Crater Lake Institute
 

 Home | Site Map | About Us | Donate/Join Us | Contact Us | CLI Store | Press Room

 
 
 You are here: Home > Natural History > Geology > Prominent Geological Features > The Pinnacles

The Pinnacles - Prominent Geological Features of Crater Lake National Park

 
These towering needle-like formations of rock, called fossil fumaroles, projecting from the Sand Creek Canyon floor, were formed under sheets of volcanic pumice that preceded Mazama's collapse.

As the surface of the hot pumice cooled over the years, steam and gases were released by the hot rocks underneath through vents and tubes that were welded into cement hardness by their passage. These ancient vents now stand alone due to the erosion of the surrounding softer materials.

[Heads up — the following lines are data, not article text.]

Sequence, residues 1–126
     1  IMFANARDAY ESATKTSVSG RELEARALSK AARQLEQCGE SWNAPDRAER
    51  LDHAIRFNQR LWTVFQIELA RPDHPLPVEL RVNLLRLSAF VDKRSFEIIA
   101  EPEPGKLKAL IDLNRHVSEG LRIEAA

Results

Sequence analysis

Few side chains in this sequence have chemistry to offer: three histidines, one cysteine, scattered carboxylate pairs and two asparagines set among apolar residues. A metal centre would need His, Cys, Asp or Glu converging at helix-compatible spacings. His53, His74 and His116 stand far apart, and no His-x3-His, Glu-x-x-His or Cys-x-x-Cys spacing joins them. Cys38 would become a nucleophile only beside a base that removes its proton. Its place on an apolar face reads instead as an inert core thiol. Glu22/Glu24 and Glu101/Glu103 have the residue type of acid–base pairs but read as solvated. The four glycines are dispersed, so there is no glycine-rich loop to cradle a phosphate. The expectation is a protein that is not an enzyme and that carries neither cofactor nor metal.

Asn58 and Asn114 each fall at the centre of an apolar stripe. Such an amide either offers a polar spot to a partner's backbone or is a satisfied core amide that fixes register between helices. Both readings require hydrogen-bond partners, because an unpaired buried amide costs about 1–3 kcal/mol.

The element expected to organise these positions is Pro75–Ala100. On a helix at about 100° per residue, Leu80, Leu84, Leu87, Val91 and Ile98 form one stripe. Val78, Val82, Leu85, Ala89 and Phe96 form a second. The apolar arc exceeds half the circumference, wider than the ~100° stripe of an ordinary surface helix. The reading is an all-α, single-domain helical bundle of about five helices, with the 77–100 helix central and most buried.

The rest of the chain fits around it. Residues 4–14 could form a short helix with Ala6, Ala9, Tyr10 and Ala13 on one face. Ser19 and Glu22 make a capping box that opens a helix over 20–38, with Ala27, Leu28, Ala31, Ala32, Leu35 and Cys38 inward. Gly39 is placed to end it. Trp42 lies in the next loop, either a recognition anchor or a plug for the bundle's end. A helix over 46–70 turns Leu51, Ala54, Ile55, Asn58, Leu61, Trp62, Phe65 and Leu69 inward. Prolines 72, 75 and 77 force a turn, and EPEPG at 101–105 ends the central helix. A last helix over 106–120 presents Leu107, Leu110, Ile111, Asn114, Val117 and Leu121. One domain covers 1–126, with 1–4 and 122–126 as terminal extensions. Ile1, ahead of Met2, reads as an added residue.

Plate 16. The Pinnacles, Sand Creek canyon, showing pale pumice flow beneath smoke-gray scoria flow, above which lie 10 feet of fine ash. (Photograph by George Grant, National Park Service.) The Geology of Crater Lake National Park, Oregon (1942) by Howell Williams

Note: the numbers associated with each feature name above correspond to their place on the Custom Google Map below

  Related Materials

 

Crater Lake National Park

Prominent Geological Features Map


View Larger Map

 

 

 

 Site Navigation

  Arts

  Crater Lake News

  Cultural History

  Natural History

     Animals

     Climate

     Ecology

     Fungi

     Geology

        Features

        Field Trips

        Geologic History

        Petrology

        Processes

        Soils

     Nature Notes

     Night Sky

     Plants

  Online Library

  Planning a Visit

  Research

 

Current Conditions at Crater Lake National Park

(Image by Grovin Thewer)

 

Crater Lake Webcam